What Is Carding?

Carding is a form of credit card fraud in which a stolen credit card is used to charge prepaid cards. Carding typically involves the holder of the stolen card purchasing store-branded gift cards, which can then be sold to others or used to purchase other goods that can be sold for cash. Credit card thieves who are involved in this type of fraud are called “carders.”

The United States is a significant target for credit card fraud because it is a large market in which credit card and debit card use is common, and because the types of cards that are used either only contain a magnetic stripe or employ a chip and signature technology, rather than the chip and personal identification number (PIN) technology found in most of Europe.

How Carding Works

Carding typically starts with a hacker gaining access to a store’s or website’s credit card processing system, with the hacker obtaining a list of credit or debit cards that were recently used to make a purchase. Hackers might exploit weaknesses in the security software and technology intended to protect credit card accounts. They might also procure credit card information by using scanners to copy the coding from the magnetic strips.

Carding is a form of credit card fraud in which a stolen credit card is used to charge prepaid cards.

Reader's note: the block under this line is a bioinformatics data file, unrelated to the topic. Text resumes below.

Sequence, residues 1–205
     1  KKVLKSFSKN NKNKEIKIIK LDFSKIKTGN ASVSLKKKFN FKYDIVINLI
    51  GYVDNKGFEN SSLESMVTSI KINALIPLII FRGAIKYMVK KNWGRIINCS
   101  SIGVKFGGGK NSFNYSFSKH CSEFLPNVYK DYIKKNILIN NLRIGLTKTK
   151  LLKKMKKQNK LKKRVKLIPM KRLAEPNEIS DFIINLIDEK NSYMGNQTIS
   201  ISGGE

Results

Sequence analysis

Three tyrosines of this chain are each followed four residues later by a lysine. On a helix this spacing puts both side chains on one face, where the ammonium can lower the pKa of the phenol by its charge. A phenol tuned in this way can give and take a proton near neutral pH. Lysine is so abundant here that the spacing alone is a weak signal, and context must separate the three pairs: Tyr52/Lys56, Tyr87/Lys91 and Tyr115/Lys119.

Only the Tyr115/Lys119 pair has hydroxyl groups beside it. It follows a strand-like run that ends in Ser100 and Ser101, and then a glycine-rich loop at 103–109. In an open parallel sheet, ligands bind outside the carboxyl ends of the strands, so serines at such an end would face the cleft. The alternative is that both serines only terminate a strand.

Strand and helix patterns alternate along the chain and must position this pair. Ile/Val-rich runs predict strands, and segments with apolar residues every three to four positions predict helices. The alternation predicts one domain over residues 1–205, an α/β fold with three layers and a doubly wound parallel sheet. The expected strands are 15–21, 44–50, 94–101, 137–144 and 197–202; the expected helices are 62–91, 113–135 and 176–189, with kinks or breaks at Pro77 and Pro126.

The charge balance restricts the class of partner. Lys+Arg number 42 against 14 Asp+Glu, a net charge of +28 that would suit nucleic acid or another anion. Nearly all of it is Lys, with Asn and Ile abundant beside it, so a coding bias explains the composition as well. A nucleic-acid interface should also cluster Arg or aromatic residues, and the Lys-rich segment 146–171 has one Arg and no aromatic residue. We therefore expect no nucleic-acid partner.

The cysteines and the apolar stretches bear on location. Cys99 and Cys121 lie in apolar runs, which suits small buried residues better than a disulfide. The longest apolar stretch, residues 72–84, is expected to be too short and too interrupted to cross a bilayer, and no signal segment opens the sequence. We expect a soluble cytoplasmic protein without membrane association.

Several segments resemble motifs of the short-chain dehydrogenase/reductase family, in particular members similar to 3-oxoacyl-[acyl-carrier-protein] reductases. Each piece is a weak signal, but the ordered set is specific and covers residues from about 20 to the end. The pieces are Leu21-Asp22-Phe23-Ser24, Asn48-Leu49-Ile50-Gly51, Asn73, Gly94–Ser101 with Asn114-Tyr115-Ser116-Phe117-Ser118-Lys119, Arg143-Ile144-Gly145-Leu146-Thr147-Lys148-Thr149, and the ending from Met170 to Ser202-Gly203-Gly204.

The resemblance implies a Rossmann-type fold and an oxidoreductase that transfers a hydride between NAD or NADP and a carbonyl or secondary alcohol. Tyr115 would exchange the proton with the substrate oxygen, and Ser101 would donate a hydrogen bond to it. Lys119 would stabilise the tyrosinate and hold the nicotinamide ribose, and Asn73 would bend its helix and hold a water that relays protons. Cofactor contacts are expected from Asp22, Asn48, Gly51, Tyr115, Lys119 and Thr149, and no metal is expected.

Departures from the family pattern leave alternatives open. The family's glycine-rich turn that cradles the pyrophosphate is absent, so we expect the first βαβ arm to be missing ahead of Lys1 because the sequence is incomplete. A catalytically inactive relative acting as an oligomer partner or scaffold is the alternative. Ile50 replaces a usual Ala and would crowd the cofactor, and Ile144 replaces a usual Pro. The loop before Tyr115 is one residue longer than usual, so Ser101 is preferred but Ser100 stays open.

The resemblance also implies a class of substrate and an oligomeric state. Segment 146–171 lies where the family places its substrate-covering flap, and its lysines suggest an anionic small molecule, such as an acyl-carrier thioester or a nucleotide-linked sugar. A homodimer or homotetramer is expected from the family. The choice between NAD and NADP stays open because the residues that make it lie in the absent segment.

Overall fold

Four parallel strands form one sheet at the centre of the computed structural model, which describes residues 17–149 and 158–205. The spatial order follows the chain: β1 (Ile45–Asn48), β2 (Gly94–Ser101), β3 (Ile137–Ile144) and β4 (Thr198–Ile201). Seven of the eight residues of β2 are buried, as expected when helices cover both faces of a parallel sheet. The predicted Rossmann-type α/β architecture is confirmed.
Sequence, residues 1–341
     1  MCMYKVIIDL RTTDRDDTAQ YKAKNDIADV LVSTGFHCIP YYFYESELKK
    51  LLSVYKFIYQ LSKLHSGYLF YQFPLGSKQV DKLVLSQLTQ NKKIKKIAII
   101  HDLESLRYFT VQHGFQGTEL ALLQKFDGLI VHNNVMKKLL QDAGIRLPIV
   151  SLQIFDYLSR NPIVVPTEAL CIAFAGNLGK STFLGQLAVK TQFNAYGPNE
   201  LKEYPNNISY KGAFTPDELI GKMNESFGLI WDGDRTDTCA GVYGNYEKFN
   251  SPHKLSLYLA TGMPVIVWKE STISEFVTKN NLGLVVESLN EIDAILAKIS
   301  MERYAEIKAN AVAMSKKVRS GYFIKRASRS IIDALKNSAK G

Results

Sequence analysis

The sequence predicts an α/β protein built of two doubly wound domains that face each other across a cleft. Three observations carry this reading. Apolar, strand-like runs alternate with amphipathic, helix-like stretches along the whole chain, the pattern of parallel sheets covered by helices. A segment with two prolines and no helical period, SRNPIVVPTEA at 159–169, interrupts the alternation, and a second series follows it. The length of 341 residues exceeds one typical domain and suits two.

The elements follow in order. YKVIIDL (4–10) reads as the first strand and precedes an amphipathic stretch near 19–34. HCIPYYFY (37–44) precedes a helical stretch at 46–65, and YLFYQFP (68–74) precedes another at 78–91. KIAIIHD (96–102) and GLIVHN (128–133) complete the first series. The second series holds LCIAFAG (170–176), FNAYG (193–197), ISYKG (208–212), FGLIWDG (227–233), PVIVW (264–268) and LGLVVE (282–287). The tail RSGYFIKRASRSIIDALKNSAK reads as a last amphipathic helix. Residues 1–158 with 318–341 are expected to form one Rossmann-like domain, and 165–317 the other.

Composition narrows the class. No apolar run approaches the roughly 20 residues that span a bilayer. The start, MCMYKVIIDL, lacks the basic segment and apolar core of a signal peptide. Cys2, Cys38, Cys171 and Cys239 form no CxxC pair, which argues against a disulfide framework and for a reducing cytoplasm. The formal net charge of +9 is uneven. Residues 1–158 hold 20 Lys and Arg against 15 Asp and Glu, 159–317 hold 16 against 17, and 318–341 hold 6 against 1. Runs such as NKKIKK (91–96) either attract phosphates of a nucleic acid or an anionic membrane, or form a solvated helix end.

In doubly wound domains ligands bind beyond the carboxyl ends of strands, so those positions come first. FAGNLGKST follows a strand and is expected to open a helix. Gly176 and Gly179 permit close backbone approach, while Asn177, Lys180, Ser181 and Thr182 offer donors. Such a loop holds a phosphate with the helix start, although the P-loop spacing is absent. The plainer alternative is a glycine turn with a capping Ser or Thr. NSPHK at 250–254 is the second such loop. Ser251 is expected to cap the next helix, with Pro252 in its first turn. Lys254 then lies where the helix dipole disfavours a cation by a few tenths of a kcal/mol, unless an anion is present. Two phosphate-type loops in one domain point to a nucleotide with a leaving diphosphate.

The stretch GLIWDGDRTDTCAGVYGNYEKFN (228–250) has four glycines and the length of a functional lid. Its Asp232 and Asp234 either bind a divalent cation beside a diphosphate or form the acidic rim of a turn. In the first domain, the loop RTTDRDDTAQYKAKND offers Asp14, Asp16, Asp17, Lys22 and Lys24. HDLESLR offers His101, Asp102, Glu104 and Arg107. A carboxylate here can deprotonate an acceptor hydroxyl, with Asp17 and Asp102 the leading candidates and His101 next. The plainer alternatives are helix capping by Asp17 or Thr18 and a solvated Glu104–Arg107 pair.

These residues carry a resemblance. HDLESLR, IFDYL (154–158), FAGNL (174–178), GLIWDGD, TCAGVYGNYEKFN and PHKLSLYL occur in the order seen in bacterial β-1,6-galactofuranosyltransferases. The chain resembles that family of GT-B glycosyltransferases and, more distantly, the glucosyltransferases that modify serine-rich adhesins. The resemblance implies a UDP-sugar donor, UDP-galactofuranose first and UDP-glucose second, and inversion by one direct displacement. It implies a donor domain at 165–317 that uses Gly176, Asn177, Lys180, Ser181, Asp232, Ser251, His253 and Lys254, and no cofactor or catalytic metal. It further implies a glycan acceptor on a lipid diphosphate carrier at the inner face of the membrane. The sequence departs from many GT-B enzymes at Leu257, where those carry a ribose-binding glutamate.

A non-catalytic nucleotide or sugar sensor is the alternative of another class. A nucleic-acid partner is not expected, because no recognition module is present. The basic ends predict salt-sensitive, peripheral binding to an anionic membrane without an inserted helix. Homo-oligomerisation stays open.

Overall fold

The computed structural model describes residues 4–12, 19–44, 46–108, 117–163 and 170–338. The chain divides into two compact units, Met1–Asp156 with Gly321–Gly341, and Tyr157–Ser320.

Credit card information might also be compromised by accessing the account holder’s other personal information, such as bank accounts the hacker has already gained entry to, targeting the information at its source. The hacker then sells the list of credit or debit card numbers to a third party—a carder—who uses the stolen information to purchase a gift card.

Most credit card companies offer cardholders protection from charges made if a credit or debit card is reported stolen, but by the time the cards are canceled, the carder has often made a purchase. The gift cards are used to purchase high-value goods, such as cell phones, televisions, and computers, as those goods do not require registration and can be resold later. If the carder purchases a gift card for an electronics retailer, such as Amazon, they may use a third party to receive the goods and then ship them to other locations. This limits the carder’s risk of drawing attention. The carder may also sell the goods on websites offering a degree of anonymity.

Because credit cards are often canceled quickly after being lost, a major part of carding involves testing the stolen card information to see if it still works. This may involve submitting purchase requests on the Internet.